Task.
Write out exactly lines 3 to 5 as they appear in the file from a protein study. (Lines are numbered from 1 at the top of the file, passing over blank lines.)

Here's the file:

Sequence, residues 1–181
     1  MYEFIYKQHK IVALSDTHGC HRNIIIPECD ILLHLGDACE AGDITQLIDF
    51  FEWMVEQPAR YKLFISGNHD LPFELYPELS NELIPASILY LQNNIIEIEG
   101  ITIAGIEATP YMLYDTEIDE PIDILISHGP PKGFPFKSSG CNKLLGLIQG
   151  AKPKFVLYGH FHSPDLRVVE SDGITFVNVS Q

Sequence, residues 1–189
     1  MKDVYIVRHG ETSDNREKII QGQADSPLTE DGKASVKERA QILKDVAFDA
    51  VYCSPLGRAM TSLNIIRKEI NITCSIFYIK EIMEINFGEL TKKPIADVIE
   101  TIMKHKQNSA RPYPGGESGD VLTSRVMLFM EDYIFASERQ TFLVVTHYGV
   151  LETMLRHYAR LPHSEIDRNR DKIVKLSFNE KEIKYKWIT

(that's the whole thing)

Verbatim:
    51  FEWMVEQPAR YKLFISGNHD LPFELYPELS NELIPASILY LQNNIIEIEG
   101  ITIAGIEATP YMLYDTEIDE PIDILISHGP PKGFPFKSSG CNKLLGLIQG
   151  AKPKFVLYGH FHSPDLRVVE SDGITFVNVS Q